I don't think shame even comes into it, or prudery for that matter. I am not a prude, but I want to promote a healythy attitude in my childrens' lives. If we want to talk of reality, than how can we ignore the sexual aspect of the human body? It is made for sex.

It is the pop culture that has created bias. Hollywood has perverted it. Sex is saturating every aspect of our culture. Every TV show is about it, almost every ad uses it to sell. We are forced on the news to hear about everyone's bedroom behavior. My take is that we are living in a society where it is almost impossible to take the human form for what it is.

Kitty Wallis
07-20-2004, 04:39 PM
I agree with Sooz. She said it so well I don't have to repeat it.

I left a gallery successfully selling my work in Santa Fe because the owner was against nudes in his gallery. I found this out when I offered a nude in water to the gallery, similar to the one attached.

meshuggah
07-20-2004, 04:57 PM
Does that person have a website? It would be interesting to see the work in question here.

I feel for you. I have a 2 year old girl and one on the way. My house if full of figurative pieces.

Lisa Olivarez
07-20-2004, 05:00 PM
Yes, Kitty, but your painting is about a woman almost communing with water. I don't know why it was refused.
How does that compare with paintings specifically about the body of a young woman?

Are you guys saying that all subject matter has equal emotional weight, and that every genre is appropriate for every audience?

ps, the comment about the model's modesty was made to my husband, and i didn't hear about it till home, hence no reply to him from me . What did you think i did? clap my hands over his eyes and drag him from the gallery? I didn't know what paintings were there, in fact at the time, i didn't even think of the nudes as posing any conflict until later. now I'm thinking about it LO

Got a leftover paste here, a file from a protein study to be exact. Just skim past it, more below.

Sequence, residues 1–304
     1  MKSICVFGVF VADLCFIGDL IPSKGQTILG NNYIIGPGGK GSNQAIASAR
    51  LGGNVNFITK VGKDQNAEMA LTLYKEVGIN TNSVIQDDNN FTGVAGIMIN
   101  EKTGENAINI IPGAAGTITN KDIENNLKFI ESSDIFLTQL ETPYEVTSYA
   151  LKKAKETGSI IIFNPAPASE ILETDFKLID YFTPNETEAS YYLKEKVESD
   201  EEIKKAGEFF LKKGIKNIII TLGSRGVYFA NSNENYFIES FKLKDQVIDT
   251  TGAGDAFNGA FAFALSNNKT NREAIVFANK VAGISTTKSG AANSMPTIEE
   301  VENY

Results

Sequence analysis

Kathryn Wilson
07-20-2004, 05:13 PM
I'll agree with what Sooz has said - and can only add this - will you not to take your children to an art museum, ever?? I will guarantee you that there will be nudes - I think if you handle this situation well, there will not be a problem in the future - but the time to handle it is now, not when they are older and full of even more questions.

SweetBabyJ
07-20-2004, 05:54 PM
It is the pop culture that has created bias. Hollywood has perverted it. Sex is saturating every aspect of our culture. Every TV show is about it, almost every ad uses it to sell. We are forced on the news to hear about everyone's bedroom behavior. My take is that we are living in a society where it is almost impossible to take the human form for what it is.


Exactly! And now you have a chance to show your kids that there's a different way to look at nudes- one that isn't about down and dirty sex, one that isn't cheap and sleazy, but celebrates that which makes being human a pretty spiffy deal.

So the pieces have an erotiscism- so? *If* any of my sons had ever said anything about such an appeal to me while they were growing up and seeing the world's art, I'd've said "Yeah, that one is very sensuous, isn't it?" and left it at that. It isn't like they didn't know what the word meant, and if they didn't, maybe it was time they learned.

So what does your husband think of it?

Edit: Two things- firstly: Kitty, psychologically, that is one VERY sexual painting. Just thought you should know that if'n you don't already.

secondly- One of the funniest-in-an-odd-way things to me about this site is we have to put a butt icon on anything remotely resembling a nude, but we can post pics of flower macros all day long. Has anyone ever take a good look at a flower macro from a symbolic and sexual viewpoint? I mean, they're naked botanical genitalia- there's phallic forms there, and a vaginal form- I'm always astonished when I realize some people are offended seeing humans, but not flowers.

CarlyHardy
07-20-2004, 08:10 PM
Lisa,